O’Neill has been one of few bright spots up front. He has improved his PFF grade every season since Minnesota selected him in the second round out of the University of Pittsburgh. He ended his 2020 season with a 78.0 overall grade that ranked 11th at the right tackle position. Missed time from O’Neill this season would throw the offensive line into more disarray, and it would force both Darrisaw and Hill to produce at respectable levels from the start.     

TE Adam Trautman, New Orleans Saints

Dec 25, 2020; New Orleans, Louisiana, USA; New Orleans Saints tight end Adam Trautman (82) on the kickoff return team in the second half against the Minnesota Vikings at the Mercedes-Benz Superdome. Mandatory Credit: Chuck Cook-USA TODAY Sports

With Emmanuel Sanders now in Buffalo and Michael Thomas expected to miss the start of the 2021 regular season with an ankle injury, New Orleans isn’t exactly swimming in quality receiving options for whoever ends up victorious in their quarterback competition.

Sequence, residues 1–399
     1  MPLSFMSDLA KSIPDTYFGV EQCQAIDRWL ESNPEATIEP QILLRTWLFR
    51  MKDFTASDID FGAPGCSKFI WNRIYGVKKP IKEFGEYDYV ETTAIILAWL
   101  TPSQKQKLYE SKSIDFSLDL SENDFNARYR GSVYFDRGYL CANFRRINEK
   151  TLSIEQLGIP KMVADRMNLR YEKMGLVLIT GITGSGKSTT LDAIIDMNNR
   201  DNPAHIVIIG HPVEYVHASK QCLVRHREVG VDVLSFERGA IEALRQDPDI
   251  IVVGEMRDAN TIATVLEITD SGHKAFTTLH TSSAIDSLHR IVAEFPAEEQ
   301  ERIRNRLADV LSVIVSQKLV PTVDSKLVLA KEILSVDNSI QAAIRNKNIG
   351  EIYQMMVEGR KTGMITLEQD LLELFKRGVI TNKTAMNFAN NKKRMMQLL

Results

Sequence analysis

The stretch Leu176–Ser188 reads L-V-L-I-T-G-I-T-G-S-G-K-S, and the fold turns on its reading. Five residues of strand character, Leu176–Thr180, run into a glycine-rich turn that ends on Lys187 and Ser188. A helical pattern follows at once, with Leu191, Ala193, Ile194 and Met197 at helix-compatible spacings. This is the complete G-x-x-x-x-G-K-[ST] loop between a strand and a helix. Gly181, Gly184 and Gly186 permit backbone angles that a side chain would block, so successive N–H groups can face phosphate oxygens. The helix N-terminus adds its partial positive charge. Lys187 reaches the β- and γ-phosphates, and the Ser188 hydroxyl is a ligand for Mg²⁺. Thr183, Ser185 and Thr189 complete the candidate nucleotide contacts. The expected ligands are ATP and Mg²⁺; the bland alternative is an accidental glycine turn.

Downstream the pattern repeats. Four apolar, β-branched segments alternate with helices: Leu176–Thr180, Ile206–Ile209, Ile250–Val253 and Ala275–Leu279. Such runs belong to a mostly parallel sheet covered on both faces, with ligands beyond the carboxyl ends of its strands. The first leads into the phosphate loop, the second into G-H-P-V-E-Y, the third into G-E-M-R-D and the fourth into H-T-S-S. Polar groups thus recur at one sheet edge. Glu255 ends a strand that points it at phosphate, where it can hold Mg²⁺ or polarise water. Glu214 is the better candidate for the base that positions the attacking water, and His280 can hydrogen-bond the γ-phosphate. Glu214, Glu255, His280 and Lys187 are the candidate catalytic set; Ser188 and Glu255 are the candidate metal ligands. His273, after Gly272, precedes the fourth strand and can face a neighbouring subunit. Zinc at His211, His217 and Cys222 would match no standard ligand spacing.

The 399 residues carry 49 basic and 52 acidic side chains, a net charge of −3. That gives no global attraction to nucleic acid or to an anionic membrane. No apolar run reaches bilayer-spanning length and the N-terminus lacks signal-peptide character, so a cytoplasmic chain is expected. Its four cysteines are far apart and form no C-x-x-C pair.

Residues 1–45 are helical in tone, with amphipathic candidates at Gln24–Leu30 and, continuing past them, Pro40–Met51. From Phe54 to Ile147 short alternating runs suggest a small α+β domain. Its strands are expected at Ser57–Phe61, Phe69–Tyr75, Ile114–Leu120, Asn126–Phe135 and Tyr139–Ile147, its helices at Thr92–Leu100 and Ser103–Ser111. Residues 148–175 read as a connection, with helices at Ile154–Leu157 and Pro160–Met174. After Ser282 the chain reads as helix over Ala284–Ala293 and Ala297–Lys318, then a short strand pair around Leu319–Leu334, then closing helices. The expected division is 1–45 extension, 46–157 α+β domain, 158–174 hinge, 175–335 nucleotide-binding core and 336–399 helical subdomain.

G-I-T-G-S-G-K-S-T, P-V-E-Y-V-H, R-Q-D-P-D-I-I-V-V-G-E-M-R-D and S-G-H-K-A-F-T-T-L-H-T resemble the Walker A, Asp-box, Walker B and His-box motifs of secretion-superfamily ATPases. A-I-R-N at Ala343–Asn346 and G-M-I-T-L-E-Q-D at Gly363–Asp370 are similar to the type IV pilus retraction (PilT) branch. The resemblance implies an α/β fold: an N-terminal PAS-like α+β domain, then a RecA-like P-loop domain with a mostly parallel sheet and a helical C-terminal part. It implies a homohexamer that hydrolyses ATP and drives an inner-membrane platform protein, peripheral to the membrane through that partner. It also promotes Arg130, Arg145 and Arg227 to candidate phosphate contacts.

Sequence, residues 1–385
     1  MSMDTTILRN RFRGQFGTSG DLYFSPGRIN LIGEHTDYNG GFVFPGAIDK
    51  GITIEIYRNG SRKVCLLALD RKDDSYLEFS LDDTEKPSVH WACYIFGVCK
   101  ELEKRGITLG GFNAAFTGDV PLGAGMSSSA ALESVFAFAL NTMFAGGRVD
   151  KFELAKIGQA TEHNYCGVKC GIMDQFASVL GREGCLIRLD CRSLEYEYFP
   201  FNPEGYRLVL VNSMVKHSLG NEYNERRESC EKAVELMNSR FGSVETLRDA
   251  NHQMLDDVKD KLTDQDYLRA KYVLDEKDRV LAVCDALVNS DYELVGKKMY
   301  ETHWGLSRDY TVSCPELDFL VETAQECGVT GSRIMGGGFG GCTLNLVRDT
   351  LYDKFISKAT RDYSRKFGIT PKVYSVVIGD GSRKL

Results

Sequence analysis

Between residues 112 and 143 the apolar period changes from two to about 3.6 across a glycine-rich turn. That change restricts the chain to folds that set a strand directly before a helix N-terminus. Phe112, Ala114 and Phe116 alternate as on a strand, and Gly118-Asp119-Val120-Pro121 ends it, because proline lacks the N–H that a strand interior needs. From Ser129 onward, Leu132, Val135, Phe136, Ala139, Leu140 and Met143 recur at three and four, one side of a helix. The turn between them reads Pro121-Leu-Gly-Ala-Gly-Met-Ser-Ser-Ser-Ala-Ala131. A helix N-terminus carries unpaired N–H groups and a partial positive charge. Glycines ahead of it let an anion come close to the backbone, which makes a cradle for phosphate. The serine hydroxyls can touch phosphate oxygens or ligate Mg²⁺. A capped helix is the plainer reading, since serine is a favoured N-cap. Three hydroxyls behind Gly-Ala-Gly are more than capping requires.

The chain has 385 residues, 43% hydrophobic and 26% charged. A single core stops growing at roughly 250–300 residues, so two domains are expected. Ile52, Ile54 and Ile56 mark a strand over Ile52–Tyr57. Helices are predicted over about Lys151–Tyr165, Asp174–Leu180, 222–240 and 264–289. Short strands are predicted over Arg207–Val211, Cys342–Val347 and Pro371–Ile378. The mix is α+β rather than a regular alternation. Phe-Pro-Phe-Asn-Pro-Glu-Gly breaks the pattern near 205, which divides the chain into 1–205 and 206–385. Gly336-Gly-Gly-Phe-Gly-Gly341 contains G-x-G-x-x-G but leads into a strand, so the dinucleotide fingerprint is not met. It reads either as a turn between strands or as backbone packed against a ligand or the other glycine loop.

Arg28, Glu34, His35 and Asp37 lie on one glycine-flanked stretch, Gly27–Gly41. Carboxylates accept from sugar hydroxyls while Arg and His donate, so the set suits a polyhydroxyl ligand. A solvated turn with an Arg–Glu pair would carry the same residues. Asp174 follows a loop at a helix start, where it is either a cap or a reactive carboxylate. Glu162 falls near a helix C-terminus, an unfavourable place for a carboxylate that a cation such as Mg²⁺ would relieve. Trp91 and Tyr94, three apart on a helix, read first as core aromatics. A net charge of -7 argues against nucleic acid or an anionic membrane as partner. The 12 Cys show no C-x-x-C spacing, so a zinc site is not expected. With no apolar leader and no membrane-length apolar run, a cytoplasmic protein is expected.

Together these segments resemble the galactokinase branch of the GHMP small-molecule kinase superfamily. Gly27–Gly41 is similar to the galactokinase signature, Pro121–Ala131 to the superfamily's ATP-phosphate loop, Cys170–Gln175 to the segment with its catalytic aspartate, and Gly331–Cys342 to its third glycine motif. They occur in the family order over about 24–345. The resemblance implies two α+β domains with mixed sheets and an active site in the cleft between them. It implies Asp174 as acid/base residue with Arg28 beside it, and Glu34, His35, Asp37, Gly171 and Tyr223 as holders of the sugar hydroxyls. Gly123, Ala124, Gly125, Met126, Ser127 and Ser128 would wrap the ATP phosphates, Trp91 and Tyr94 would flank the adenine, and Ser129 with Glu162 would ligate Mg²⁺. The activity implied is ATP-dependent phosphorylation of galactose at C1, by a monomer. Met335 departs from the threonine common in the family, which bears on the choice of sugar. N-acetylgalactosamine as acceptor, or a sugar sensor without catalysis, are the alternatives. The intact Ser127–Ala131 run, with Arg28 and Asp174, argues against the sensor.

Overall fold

Tre’Quan Smith, Marquez Callaway and Deonte Harris top the depth chart at wide receiver while Thomas is sidelined, and Alvin Kamara is expected to take on another large receiving role. Trautman is also primed to see a much more prominent role in the offense as the new TE1 after Jared Cook’s departure in free agency. 

The 2020 third-round pick didn’t see much of a receiving workload as a rookie, but he made the most of his 16 targets. Trautman ended the year with 15 receptions for 171 yards and a touchdown on those looks. His 87.1 run-blocking grade also led all qualifying tight ends last year. 

New Orleans would certainly prefer that Nick Vannett doesn’t have to step into the No. 1 tight end role, particularly with the depth concerns already present at wide receiver.   

CB Jaylon Johnson, Chicago Bears